Previously a Wii U eShop exclusive, Two Tribe's cute and accessible, yet challenging, puzzle-platformer Toki Tori 2 now comes to PC and Mac via Steam. Featuring a level editor with Steam Workshop integration and gameplay refinements since the Wii U release, Toki Tori 2+ is sure to delight fans of the original and seekers of accessible puzzle platforming.
I recently picked up the original Toki Tori on Steam during a sale and tweeted my way around several of the many levels that were set against six different themes. Controlling the little scared bird proved instantly accessible yet deceptively challenging at times. While the original game was setup as a series of numerous one-off stages in which the player collected eggs, Toki Tori 2+ (TT2+)has a more fluid and open design to it. There are clear start and end points to levels, but rather than being limited by a single "screen" or two, players advance through multiple screens, horizontally and vertically, to eventually reach an end point. Stages can be revisited via a world map reminiscent of a Super Mario, too.
Accessibility is just as potent as it was before, if not more so. With TT2+, the d-pad moves you (although you cannot jump or crouch) and Z and X are used to Whistle and Stomp. Whistling and Stomping are literally the only two commands you have. For some NPCs, Whistling gets them to turn direction or move closer. Stomping is used to activate floor objects or encourage NPCs to move out of your way. These abilities are used in a variety of other ways too, of course. It doesn't take but a half hour or so to get the hang of it, and I thought it was an interesting and ultimately good choice for Two Tribes not to explain anything -- no tutorial pop-up messages or anything like that to clutter or disrupt the pacing in those precious opening minutes. That said, sometimes that obscurity can be annoying when you're struggling to figure out how to proceed past the platforming puzzle immediately in front of you. Unlike the original Toki Tori, there are no Wild Cards to skip stages since the stages here are more bound together.
Plenty of environmental (and thus) platforming challenges await. The simplicity of only having Whistle and Stomp sort of limits the complexity, but it also doesn't feel nearly as rigid as the hard limit of special power uses per stage that the first game had. Still, there are plenty of head scratching moments in TT2+, but unlike solving a puzzle in a more "significant" game, getting past a real challenge in TT2+ often feels like relief than triumph if you know what I mean. What I realized with the original remains true in this sequel -- it's the type of game that can kill time, be fun, even addictive, but when the going gets tough those positives fade faster than a game I'm more invested in. Anyway, TT2+'s design, whereby the story and levels are more robust and interconnected, makes the entire experience a lot more meaningful than the first. That translates to more replay value and tolerance (although that seems like too strong of a word).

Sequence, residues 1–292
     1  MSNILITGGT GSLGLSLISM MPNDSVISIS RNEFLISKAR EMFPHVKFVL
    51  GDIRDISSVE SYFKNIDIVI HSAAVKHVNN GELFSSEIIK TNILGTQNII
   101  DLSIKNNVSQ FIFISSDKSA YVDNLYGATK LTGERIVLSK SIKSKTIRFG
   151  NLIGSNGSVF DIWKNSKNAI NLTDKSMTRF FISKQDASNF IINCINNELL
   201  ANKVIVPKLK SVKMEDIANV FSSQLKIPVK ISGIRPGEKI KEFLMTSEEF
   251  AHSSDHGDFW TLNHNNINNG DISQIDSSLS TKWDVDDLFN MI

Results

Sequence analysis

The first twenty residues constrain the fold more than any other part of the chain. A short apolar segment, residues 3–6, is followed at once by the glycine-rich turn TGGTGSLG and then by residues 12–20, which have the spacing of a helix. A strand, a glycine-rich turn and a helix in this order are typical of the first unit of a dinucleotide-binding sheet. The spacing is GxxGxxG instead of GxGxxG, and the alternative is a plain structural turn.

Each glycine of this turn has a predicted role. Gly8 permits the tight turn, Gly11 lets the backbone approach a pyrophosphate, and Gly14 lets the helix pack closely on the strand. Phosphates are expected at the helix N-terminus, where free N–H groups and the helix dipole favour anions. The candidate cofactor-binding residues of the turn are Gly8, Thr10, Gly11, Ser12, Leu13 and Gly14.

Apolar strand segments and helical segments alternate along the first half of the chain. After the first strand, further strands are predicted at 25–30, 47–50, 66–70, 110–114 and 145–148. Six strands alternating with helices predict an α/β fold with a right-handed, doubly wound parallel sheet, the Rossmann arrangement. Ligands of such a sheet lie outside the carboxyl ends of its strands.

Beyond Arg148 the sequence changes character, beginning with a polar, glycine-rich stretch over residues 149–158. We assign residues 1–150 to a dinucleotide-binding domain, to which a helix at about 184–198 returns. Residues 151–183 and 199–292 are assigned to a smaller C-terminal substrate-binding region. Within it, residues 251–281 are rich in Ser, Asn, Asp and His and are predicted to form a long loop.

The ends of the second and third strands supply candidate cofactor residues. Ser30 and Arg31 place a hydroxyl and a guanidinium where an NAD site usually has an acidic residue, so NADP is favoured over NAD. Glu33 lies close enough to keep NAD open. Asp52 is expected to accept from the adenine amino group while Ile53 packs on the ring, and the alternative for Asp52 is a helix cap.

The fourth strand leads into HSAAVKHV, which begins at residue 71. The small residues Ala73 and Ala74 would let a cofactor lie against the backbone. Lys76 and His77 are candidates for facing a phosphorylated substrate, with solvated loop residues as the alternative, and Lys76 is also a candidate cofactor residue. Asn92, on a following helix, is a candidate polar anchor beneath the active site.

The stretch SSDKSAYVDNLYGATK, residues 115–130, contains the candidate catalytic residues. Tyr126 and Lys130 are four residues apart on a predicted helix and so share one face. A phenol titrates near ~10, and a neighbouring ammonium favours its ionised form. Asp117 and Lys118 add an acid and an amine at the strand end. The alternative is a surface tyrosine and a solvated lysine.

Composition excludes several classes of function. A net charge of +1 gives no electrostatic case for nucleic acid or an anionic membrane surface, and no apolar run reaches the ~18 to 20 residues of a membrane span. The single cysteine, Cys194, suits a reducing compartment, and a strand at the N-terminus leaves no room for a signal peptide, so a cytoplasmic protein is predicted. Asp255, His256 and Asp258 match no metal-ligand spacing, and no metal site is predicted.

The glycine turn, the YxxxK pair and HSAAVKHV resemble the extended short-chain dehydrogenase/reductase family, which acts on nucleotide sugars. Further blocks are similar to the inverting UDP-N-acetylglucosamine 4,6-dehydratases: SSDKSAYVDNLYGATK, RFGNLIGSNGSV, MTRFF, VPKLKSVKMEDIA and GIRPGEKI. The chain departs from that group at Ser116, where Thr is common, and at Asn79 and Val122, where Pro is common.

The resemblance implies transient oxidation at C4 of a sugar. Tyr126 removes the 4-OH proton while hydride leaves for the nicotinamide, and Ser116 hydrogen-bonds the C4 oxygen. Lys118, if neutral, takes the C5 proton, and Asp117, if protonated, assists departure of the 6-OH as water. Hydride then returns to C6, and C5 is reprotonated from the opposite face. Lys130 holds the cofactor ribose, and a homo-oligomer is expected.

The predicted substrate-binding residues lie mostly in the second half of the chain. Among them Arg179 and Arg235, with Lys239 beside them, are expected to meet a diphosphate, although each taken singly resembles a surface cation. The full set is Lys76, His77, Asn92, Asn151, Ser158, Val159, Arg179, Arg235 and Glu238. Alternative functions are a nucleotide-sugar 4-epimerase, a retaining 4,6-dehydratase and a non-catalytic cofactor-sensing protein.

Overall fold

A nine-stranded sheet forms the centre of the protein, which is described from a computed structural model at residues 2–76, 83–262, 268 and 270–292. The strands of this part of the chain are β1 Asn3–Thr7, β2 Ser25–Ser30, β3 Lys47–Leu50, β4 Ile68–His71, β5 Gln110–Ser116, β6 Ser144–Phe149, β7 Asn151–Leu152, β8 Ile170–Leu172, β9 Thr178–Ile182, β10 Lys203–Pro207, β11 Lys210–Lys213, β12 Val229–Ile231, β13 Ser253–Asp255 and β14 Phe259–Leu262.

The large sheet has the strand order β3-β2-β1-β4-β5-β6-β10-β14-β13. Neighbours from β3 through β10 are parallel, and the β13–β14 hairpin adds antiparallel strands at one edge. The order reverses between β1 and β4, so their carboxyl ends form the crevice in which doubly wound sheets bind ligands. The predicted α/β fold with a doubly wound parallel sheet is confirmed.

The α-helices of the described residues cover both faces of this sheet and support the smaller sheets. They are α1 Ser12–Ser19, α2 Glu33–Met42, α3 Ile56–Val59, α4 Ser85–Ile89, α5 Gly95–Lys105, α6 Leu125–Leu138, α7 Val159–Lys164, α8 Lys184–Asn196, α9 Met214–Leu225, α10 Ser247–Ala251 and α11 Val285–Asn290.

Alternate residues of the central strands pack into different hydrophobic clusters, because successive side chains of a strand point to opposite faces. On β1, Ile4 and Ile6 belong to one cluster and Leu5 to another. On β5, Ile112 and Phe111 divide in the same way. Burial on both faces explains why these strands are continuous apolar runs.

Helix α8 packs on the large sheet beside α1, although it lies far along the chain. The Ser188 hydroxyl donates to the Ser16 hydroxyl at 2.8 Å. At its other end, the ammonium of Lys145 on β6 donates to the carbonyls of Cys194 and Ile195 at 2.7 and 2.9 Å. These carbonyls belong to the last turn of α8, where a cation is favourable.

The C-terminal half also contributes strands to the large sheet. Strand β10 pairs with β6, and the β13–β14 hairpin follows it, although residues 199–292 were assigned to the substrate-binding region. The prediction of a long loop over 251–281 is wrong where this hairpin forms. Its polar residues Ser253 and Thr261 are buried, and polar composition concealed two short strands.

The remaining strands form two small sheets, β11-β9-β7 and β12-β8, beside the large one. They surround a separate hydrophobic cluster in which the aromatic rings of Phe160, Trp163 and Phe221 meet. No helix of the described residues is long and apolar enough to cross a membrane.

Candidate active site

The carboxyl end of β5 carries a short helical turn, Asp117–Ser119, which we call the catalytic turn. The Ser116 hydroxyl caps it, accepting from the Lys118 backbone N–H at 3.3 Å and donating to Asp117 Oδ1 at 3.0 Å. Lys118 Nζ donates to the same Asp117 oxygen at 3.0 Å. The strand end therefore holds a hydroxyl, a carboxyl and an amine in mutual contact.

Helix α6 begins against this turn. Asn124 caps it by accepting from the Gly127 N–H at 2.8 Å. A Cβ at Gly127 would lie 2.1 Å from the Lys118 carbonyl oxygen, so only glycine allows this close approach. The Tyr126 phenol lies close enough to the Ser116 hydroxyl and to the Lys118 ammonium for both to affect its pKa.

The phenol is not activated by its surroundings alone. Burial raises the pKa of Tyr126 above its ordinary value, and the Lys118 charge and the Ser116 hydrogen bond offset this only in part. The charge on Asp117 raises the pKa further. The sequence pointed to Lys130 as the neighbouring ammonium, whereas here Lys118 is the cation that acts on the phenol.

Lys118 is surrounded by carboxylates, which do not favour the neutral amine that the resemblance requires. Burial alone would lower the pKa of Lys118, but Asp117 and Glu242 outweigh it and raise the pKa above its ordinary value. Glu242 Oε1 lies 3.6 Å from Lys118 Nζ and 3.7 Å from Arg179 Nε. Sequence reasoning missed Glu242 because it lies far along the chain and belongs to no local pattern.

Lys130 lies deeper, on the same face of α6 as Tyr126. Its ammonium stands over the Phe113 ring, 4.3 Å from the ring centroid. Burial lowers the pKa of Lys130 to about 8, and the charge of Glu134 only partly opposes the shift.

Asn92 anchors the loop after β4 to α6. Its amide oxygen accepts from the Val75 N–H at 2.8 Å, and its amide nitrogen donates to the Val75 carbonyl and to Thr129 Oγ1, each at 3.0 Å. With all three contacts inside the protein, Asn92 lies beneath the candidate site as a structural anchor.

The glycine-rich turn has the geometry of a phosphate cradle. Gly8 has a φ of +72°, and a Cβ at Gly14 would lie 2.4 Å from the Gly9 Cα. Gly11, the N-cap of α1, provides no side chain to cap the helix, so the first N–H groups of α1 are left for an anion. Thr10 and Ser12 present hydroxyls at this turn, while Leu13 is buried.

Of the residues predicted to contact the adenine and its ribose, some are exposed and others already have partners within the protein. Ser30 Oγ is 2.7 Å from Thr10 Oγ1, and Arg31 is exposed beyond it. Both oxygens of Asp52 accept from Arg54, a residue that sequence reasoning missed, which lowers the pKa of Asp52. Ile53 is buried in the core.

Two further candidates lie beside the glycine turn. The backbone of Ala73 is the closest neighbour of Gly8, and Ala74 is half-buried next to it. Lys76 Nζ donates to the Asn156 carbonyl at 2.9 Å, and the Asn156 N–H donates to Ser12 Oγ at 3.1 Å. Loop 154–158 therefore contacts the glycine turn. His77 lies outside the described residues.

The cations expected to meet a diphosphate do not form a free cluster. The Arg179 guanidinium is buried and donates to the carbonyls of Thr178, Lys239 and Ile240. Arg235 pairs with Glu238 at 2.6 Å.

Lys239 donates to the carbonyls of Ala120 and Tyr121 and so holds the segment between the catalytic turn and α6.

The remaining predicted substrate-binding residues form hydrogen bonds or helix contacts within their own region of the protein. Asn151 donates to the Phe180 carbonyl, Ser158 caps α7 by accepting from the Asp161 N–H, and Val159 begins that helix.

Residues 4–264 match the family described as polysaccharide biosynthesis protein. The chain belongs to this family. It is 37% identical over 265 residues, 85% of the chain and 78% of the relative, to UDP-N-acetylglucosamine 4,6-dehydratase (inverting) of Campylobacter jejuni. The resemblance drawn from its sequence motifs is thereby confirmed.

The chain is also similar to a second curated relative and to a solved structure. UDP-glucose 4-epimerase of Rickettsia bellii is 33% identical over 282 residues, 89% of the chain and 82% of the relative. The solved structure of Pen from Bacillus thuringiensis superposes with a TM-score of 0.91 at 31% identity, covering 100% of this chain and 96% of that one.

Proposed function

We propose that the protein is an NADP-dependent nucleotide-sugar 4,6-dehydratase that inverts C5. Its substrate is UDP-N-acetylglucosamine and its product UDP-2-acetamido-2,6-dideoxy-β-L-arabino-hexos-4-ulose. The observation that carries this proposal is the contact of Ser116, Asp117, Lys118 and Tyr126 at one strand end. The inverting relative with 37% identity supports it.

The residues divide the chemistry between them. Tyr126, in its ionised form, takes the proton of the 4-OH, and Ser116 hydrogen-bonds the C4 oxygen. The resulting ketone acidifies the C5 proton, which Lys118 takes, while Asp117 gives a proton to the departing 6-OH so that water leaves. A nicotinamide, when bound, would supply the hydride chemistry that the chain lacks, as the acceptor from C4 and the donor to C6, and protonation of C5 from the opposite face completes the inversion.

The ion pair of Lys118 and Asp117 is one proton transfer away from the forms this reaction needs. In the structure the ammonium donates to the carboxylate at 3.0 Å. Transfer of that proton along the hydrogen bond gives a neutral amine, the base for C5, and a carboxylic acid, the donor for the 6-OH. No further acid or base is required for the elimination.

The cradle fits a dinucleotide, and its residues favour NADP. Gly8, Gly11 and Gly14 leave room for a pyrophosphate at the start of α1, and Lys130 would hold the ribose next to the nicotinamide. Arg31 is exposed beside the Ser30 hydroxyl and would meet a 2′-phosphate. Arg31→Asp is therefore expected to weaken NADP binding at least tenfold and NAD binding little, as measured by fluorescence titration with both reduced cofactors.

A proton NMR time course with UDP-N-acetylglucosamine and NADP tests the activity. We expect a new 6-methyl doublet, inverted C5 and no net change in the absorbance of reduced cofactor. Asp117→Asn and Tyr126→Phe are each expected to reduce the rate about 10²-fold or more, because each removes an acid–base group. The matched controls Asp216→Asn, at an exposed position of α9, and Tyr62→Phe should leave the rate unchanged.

If the simple accessibility and initially-inviting difficulty doesn't rope you in, the presentation may very well. At full detail in 1080p, TT2+ is a really pretty game. The bright color palette and uber-rich animated image quality is a treat to see, not unlike a Pixar film on Blu-ray for example. Of course the main character, Toki Tori, is as cute as ever as the chubby scared bird that could. Some scenes have you in complete darkness with only Toki's large eyes visible, it'll garner a smirk out of just about anyone if not more. A very fitting soundtrack compliments the visuals pleasantly as well. Using melodies to enact certain actions like rewind (which now zips your directly back to a checkpoint instead of giving you fluid control) is neat, too. To do a melody, there are about five if I'm not mistaken, you first must learn it from another bird, usually near the end of a stage. Then, you just Whistle to recreate the short tune. This requires just tapping and holding the Whistle button for short and long tweets respectively. So combine all that with snappy, near instant load times, and you've got a great presentation.
With that, let's get to the summary...